Liam Fox’s trade envoy Andrew Percy has resigned after attacking the government’s move to cut import tariffs if the UK crashed out of the EU without a Brexit deal.

Percy felt “patronised” by the international trade secretary and claimed that the government’s policy would threaten the existing trade deal with Canada, which is worth £800m. The resignation aims to underline that a no-deal Brexit will be disastrous for the UK as it questions Fox’s promise to replicate 40 trade agreements and ensure a smooth Brexit.

More resignations

In addition, the resignation is one among many, as a series of resignations by senior ministers were meant to thwart any moves towards a no-deal Brexit. The resignations by Tory MPs will also ruin Boris Johnson’s smooth march into Downing Street this week.

Philip Hammond and David Gauke’s resignations “highlight the perilous political climate for Theresa May’s expected successor.” With Johnson expected “to be announced on Tuesday as the victor over Jeremy Hunt in the vote of Conservative members,” the resignations hold an extra significance. It is not only Hammond and Gauke’s resignations, but there is a possibility of other ministers and junior ministers opposed to no deal, such as the international development secretary, Rory Stewart, resigning soon after.

Gauke  told the Sunday Times: “Given that I’ve been in the cabinet since Theresa May came to power, I think the appropriate thing is for me to resign.” He added: “If the test of loyalty to stay in the cabinet is a commitment to support no deal on 31 October – which, to be fair to him, Boris has consistently said – then that’s not something I’m prepared to sign up to.”

Gordon Brown has also come forward to warn against a no-deal Brexit, saying that future historians would view it as “an act of economic self-harm that runs wholly counter to the national interest.”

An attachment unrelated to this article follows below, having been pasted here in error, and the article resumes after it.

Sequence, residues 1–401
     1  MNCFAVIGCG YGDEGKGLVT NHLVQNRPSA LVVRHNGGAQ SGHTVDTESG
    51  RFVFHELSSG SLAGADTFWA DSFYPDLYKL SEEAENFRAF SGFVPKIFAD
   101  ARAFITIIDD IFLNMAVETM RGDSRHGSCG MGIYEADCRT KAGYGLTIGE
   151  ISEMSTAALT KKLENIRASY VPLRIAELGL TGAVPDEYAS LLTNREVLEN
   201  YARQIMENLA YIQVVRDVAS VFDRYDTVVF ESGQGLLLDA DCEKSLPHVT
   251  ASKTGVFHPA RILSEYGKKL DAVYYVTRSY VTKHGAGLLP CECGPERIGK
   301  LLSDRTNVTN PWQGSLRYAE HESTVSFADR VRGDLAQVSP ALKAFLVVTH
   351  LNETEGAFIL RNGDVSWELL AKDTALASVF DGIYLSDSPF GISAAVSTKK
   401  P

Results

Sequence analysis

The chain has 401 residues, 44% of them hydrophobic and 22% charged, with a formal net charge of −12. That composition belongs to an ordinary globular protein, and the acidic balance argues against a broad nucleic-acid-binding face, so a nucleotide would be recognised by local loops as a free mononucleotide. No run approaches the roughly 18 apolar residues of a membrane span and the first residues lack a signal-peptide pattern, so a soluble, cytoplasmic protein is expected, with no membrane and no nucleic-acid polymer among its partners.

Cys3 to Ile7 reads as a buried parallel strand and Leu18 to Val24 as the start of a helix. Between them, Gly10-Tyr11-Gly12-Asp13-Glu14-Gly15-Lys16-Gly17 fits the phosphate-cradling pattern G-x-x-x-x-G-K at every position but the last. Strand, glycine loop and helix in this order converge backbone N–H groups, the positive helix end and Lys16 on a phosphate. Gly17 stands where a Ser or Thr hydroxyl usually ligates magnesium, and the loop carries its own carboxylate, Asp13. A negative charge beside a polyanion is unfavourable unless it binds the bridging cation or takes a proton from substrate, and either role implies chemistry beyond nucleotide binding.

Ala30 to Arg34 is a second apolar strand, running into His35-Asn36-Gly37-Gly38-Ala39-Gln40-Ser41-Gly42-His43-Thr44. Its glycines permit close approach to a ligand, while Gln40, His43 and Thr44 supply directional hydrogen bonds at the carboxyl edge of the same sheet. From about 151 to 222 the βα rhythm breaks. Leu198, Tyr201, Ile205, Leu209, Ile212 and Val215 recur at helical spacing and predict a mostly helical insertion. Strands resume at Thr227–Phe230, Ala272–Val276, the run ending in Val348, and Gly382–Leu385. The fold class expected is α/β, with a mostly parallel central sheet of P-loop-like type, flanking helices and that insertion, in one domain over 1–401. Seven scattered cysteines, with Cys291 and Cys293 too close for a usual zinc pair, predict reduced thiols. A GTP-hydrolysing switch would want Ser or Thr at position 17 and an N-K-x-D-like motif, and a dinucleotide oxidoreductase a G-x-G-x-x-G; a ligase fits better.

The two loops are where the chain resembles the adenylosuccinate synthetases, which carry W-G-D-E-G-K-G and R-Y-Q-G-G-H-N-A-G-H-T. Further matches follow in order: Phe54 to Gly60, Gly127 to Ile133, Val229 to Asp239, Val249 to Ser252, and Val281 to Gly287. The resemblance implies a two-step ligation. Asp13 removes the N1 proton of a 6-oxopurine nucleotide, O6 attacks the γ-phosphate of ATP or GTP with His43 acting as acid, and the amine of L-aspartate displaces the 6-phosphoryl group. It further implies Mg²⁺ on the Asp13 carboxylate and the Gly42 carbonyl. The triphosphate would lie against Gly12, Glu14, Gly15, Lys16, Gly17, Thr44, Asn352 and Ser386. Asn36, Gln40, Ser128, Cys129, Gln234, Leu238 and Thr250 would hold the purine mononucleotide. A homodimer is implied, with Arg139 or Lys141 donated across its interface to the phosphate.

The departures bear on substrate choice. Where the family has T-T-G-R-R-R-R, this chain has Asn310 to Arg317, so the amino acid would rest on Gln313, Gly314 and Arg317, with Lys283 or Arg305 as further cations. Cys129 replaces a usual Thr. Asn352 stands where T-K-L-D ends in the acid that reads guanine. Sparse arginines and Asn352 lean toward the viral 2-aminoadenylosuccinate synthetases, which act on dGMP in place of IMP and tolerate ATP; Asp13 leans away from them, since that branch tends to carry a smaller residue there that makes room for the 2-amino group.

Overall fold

No-deal tariffs

Percy’s resignation is then another warning among many about the terrible impact of a no-deal Brexit. For him, a no-deal Brexit and cutting import tariffs were a huge mistake that would cost them existing trade deals. According to The Independent’s sources: “Andrew warned them back in March, as soon as the UK’s no-deal tariffs were published, that it would mean the Canadians would not go for rolling over the Ceta [Comprehensive Economic and Trade Agreement] deal. He could see they were getting 95 per cent of what they wanted if a no-deal happened, that the tariffs were better than what is in Ceta – so why would they rush to sign up to what the UK wanted? He said it was such a cack-handed approach, but he was patronised by a couple of ministers – including Liam Fox – and told that everything was going to be fine.”

In March, the UK announced that tariffs would be slashed “temporarily” on 87 percent of imports, after a no-deal Brexit. For this reason, Canada felt that there was no reason to carry over the Ceta, one of the most important of the 40 deals, despite pressure from the UK government.

Barry Gardiner, attacked Liam Fox for his lack of understanding of how international trade works and said that “Andrew Percy’s resignation, claiming he was patronised and ignored when he was clearly ‘telling it like it is’, is sadly typical of the arrogance Liam Fox displays to everyone who disagrees with him.”

Don’t let your finances be affected by Brexit

Boris Johnson might be closer to becoming a PM, but Brexit continues to be thorny issue, while the idea of a no-deal Brexit is becoming less appealing for more Tory ministers. Whether Johnson will get the UK out of the EU with or without a deal, or whether Fox really understands international trade, remain to be seen. But what is certain is your ability to make wiser choices and protect your business and finances from political and financial instability. A foreign exchange broker is the best choice for an importer or exporter who transfers money internationally and Universal Partners FX can offer valuable assistance when moving large funds abroad or making regular payments. Give them a call today and find how much you can save on your currency exchange.